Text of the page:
Whether it is for a wedding, a funeral, a job interview, or just because, buying a suit can be a daunting task. From style to sizing, you are inundated with too many options for your brain to process, let alone imagine on your body. It is OK if you feel like you’re drowning in a sea of pinstripes and plaid; I’m here to break it down for you. One glance at any wedding party, bar mitzvah, or office building will tell you the obvious: When it comes to dressing up, most guys do the bare minimum. While the sloppy, baggy style found on most men isn’t easy on the eyes, with a little effort it makes it easy for you to look like Don Draper in a room full of Dilberts.
Fit: The First Step
First thing’s first, let go of any and all vanity when it comes to suit sizing. Only you can see the size on the tag, but everyone can see your poorly-sized suit. The rule of thumb is to find your usual suit size, and then try on one size smaller. If you are under 5’8”, consider buying a short version. Your pride might take a hit, but a suit that is too long will only accentuate your height, or lack thereof. While most men wear suits that are too big, fit is a two way street: if your winter weight came on a little early this year, it is ok to size up. No one will know if your jacket is slightly larger, and having your stomach turn the buttons on your suit into projectiles is unsafe as well as unstylish.
Make Friends With Your Tailor
The odds of an off-the-rack suit fitting you perfectly are literally one in a thousand. Sure, in all the ads the suit fits the model like a second skin, but those models strutting down the runway are usually wearing cutom-made pieces, not the standard 42R you just pulled off the rack. Whoever you’re shopping with might say “oh it looks great,” but they just want to get out of the store as quickly as possible so they can go to Cinnabon. Take the time to find the correct size now, and that cinnamon roll will taste so much sweeter. Many suits come with unfinished hems, so a trip to the tailor is mandatory. While you’re there, put the suit on in front of the tailor and ask them how it looks. If you find yourself stuck deciding between suits, go with the cheaper one and put the extra money towards tailoring. While few people can spot a $100 difference in fabric, everyone can see that it looks like your sleeves are eating your hands.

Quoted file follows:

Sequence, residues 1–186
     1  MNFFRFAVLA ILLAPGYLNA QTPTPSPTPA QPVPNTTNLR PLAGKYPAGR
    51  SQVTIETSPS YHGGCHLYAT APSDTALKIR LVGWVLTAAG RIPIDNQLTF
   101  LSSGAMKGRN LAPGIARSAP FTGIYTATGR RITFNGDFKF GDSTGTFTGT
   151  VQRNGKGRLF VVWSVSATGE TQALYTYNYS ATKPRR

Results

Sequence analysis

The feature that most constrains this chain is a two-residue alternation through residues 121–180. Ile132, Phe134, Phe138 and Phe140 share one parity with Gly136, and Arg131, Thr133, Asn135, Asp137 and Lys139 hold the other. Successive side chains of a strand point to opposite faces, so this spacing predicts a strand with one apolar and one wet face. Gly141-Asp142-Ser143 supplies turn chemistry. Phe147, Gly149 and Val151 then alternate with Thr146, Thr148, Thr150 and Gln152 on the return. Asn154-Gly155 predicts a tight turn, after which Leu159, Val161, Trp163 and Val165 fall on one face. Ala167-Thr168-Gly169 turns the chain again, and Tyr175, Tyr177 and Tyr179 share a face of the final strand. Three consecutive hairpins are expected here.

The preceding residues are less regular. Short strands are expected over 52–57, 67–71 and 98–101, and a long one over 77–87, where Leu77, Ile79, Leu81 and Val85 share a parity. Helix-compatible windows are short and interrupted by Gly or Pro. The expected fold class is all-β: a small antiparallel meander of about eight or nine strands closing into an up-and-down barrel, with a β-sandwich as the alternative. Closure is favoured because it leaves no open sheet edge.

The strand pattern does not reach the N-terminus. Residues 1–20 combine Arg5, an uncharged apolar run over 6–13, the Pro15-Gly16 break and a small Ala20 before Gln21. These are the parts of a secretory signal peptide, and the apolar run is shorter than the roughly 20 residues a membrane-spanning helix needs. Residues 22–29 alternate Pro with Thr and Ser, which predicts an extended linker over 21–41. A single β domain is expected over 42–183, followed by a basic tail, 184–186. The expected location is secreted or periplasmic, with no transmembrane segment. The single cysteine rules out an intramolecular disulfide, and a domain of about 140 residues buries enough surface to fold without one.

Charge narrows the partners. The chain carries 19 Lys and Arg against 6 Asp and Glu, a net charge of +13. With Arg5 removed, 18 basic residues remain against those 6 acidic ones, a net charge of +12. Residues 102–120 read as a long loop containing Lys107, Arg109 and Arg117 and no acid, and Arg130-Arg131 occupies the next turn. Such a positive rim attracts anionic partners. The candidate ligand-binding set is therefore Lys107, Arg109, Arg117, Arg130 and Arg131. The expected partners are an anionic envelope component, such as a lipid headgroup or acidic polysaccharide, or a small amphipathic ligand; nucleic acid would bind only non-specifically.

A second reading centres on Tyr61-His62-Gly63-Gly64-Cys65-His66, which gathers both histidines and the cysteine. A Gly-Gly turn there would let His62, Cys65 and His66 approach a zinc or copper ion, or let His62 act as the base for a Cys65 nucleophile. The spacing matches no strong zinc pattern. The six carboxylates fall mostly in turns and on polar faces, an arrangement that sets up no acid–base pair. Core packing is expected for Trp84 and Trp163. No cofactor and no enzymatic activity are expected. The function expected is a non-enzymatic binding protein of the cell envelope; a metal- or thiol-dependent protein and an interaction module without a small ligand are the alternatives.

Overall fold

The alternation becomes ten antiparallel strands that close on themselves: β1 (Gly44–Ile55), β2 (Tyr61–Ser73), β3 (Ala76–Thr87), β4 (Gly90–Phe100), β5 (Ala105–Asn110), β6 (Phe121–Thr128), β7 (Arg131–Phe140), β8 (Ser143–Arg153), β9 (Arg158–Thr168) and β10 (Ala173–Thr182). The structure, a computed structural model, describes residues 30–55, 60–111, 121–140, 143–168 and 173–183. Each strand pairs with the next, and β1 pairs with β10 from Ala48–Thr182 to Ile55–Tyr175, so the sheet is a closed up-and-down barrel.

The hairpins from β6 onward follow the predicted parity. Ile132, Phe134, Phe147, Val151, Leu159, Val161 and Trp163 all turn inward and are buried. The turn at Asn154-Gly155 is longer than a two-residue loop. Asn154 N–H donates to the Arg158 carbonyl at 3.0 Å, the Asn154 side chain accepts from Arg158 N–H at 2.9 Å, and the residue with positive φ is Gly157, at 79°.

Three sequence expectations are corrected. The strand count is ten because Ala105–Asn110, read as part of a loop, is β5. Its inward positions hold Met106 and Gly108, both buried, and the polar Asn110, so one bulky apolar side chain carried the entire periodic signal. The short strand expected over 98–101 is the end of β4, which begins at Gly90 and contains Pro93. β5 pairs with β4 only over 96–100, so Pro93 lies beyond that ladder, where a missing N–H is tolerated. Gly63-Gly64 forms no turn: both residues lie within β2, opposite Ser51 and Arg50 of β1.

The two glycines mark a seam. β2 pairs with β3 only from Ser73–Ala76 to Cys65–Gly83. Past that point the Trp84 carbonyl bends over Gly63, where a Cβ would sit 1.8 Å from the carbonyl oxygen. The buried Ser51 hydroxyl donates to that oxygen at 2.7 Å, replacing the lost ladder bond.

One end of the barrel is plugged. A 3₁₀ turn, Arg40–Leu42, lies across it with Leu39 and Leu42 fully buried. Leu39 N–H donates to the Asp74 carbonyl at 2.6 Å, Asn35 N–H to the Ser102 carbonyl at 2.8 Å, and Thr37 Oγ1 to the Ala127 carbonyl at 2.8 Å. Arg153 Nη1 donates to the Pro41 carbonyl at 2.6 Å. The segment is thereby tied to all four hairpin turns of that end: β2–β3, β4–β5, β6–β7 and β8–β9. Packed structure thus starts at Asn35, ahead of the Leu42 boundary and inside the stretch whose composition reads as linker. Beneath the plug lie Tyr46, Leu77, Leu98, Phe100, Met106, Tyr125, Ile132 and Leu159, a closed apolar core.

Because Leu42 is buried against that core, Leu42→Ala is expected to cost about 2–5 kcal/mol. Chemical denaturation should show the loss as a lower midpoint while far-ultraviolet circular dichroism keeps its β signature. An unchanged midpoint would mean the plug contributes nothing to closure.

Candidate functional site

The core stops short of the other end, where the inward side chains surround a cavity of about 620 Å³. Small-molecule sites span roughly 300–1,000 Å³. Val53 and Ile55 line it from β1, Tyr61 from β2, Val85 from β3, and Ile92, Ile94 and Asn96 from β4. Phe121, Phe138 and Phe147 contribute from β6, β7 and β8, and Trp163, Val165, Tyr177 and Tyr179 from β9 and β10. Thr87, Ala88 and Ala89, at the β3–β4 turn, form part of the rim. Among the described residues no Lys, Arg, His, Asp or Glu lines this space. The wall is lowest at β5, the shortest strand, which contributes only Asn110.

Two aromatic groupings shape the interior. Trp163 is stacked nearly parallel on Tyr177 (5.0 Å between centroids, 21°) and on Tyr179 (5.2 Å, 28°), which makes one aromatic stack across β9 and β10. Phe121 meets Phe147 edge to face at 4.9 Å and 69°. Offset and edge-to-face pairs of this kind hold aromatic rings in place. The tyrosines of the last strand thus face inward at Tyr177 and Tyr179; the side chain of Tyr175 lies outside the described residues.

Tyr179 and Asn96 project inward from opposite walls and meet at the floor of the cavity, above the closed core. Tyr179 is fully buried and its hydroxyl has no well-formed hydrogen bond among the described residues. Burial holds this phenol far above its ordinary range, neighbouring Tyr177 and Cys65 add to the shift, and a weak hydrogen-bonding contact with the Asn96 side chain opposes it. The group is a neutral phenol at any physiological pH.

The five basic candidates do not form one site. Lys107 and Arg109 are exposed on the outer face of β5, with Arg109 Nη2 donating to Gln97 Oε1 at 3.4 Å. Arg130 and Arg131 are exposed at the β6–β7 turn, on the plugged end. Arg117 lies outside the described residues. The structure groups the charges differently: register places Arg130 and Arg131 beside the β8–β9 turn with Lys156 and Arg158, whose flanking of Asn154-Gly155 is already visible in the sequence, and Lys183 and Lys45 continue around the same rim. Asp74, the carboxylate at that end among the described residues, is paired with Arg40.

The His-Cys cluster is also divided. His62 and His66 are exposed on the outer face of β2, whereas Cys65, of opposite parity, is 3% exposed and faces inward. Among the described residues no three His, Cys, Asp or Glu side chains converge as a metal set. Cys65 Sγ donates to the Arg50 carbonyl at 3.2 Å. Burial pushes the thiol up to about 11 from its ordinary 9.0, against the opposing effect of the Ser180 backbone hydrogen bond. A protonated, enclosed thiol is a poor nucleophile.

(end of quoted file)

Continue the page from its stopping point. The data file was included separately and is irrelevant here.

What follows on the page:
All in Proportion
While skinny ties and slim suits with narrow lapels may be all the rage, they aren’t for everyone. Your lapels should be proportionate to your chest and shoulders. If you’re model-thin, go skinny, but if you used to be a linebacker, go a little wider. If you were a lineman (or in the navy) consider a double-breasted suit. The same goes for your tie. A skinny tie looks just as ridiculous on a large man in a wide-lapeled suit as a giant power tie does on a skinny man in a slim suit.
Keep it Simple
While that loud and funky shirt and tie combo might have looked great at the store, you might have some regrets when your father-in-law stares your fluorescent self down at grandma’s wake. Understated is the key here. Your clothes should play send fiddle to your sparkling personality. Between your shirt, tie, and suit, you should have a maximum of two patterns. That means if you are wearing a striped tie with a patterned shirt, you should reach for the solid suit.
Pocket squares take a standard suit and turn it up a notch. A simple white linen square shows you care about the details, while a silk paisley piece lets everyone know you like to party. A pocket square is a great way to inject some personality into your suit and cap off a polished, sophisticated look. Your pocket square should compliment your shirt and/or tie. I cannot stress this next point enough: Under no circumstances should your pocket square match your tie. I know what your tie looks like. It’s right in front of me. I don’t need to see its ugly pattern again six inches to the left.
This might be a lot to take in, but put in the effort now, and you’ll be glad you did when you walk up to the prettiest bridesmaid at the reception and ask her to dance.
- License: Image author owned
The author of this article is Dylan Jones. If you enjoyed this piece you can follow me on Twitter @JakabokBotch. When i’m not helping others understand how to dress, im generally trying to find the best deals on cheap suits to keep me looking sharp.
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